The end of April marked five years since pop superstar Prince died suddenly at his Paisley Park home in Minnesota. Prince left behind an estate comprising largely of intellectual property and music rights worth an estimated US$150-$300 million.

However, he died without a will so his estate still hasn’t settled. Instead, it’s been tied up in legal battles as his surviving family members fight among themselves.

Those battles haven’t come cheap either, with court filings showing over US$45 million of the singer’s estate had been spent on legal and probate fees by April 2019.

All this could have been prevented if Prince had prepared a will.

So while nobody enjoys thinking about their death, if you own any assets including property, it’s important to have one in place. Otherwise, the law decides who gets your assets – and this may not be in line with your wishes.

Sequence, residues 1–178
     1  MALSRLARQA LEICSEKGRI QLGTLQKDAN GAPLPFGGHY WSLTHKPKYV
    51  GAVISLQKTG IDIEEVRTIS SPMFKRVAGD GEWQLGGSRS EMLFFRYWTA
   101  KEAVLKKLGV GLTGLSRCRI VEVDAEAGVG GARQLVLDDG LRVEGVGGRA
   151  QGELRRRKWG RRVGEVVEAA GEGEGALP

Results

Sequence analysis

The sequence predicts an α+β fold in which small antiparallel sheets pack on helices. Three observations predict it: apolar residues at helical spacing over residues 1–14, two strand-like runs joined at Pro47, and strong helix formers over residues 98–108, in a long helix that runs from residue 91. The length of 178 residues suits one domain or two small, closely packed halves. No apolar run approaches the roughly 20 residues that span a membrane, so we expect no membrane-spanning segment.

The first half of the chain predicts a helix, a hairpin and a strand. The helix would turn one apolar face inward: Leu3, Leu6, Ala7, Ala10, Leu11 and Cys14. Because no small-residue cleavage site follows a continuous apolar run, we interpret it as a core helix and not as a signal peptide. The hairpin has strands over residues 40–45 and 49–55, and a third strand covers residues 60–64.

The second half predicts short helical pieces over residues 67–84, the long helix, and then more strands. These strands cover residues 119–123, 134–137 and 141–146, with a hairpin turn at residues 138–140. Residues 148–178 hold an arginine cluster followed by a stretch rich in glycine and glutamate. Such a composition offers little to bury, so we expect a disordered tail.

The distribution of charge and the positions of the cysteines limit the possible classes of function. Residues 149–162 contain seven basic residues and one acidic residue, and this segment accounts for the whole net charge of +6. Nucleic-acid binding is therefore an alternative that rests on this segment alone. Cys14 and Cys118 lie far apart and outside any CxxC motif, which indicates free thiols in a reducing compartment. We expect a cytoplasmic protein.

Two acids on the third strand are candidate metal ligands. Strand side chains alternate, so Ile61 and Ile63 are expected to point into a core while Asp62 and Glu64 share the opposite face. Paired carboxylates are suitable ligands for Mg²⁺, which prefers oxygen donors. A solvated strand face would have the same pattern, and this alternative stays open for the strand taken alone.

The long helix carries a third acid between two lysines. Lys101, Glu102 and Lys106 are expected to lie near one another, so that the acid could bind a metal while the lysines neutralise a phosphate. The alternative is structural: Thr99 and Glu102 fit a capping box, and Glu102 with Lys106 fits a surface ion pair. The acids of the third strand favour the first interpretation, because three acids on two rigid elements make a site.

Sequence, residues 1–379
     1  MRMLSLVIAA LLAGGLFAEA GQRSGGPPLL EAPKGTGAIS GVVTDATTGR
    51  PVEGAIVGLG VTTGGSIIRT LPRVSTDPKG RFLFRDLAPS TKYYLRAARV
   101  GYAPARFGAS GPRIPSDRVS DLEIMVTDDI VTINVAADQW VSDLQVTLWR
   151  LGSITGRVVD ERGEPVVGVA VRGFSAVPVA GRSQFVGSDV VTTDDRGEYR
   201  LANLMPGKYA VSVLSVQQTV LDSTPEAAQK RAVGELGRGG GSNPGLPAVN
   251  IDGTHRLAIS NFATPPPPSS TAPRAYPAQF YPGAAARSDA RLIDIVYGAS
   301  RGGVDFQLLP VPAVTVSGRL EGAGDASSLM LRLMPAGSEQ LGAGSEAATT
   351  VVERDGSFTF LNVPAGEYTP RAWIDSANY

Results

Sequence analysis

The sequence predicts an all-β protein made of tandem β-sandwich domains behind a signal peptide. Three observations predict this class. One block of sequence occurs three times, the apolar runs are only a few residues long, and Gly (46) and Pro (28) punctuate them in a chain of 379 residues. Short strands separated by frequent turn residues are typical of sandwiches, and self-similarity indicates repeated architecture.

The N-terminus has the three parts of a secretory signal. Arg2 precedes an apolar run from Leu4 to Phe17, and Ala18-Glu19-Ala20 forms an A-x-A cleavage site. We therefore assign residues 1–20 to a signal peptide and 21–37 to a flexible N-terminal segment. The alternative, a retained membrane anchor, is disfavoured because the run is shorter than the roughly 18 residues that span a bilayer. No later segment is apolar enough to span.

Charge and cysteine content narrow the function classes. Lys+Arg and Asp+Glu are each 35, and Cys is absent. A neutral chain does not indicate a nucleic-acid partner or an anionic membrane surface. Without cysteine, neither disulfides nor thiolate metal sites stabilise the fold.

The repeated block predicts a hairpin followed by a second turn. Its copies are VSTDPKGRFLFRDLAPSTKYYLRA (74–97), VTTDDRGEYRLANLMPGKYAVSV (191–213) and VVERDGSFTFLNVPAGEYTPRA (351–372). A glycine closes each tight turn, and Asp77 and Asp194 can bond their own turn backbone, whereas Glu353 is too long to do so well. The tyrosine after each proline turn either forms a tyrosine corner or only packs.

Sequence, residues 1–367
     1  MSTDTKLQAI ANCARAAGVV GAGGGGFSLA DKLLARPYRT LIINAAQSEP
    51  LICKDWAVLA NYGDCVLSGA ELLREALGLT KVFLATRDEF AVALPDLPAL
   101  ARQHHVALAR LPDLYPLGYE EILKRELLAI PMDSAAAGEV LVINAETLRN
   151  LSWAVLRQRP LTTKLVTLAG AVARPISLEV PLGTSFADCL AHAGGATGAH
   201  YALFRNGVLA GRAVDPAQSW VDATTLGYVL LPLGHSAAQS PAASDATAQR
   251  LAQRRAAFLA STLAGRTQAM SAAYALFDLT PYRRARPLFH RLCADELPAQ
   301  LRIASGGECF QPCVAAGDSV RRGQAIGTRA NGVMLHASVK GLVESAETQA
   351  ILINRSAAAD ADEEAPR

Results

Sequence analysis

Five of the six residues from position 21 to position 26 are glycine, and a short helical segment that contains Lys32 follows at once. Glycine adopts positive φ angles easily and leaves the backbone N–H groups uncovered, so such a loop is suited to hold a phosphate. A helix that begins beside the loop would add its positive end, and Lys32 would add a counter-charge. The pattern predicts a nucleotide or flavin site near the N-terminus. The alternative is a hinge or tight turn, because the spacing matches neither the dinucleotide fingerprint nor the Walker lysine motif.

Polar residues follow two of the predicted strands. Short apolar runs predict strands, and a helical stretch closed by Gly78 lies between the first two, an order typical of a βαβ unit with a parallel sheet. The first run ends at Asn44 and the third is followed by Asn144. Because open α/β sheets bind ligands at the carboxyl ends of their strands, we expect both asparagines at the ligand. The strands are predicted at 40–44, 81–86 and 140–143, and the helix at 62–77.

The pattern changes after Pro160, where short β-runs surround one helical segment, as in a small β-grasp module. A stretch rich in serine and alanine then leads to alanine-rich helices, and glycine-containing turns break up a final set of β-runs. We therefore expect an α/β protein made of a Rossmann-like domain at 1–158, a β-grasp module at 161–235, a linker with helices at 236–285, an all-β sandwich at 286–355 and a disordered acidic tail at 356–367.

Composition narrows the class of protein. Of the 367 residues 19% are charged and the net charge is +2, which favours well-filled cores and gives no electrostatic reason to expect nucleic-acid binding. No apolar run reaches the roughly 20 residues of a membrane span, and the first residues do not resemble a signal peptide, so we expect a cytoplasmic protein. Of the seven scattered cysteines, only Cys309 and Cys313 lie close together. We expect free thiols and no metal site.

Dying without a will also increases the risk of expensive family disputes.

Can you write your own will?

 While any Australian who is at least 18 years and of sound mind can write their own will – remember, it is a legal document. This means if it is not done correctly, it will be considered invalid.

Working with an experienced lawyer gives you peace of mind that this won’t happen.

Leah Cole is a wills and estates lawyer at Sutton Laurence King Lawyers.

Thinking about writing a will? Call us on 03 9070 9810 or email info@slklawyers.com.au to begin the process.

Sutton Laurence King Lawyers articles are intended to provide commentary and general information. They should not be relied upon as legal advice. Formal legal advice should be sought in particular transactions or on matters of interest arising from this article. Persons listed may not be admitted in all States and Territories.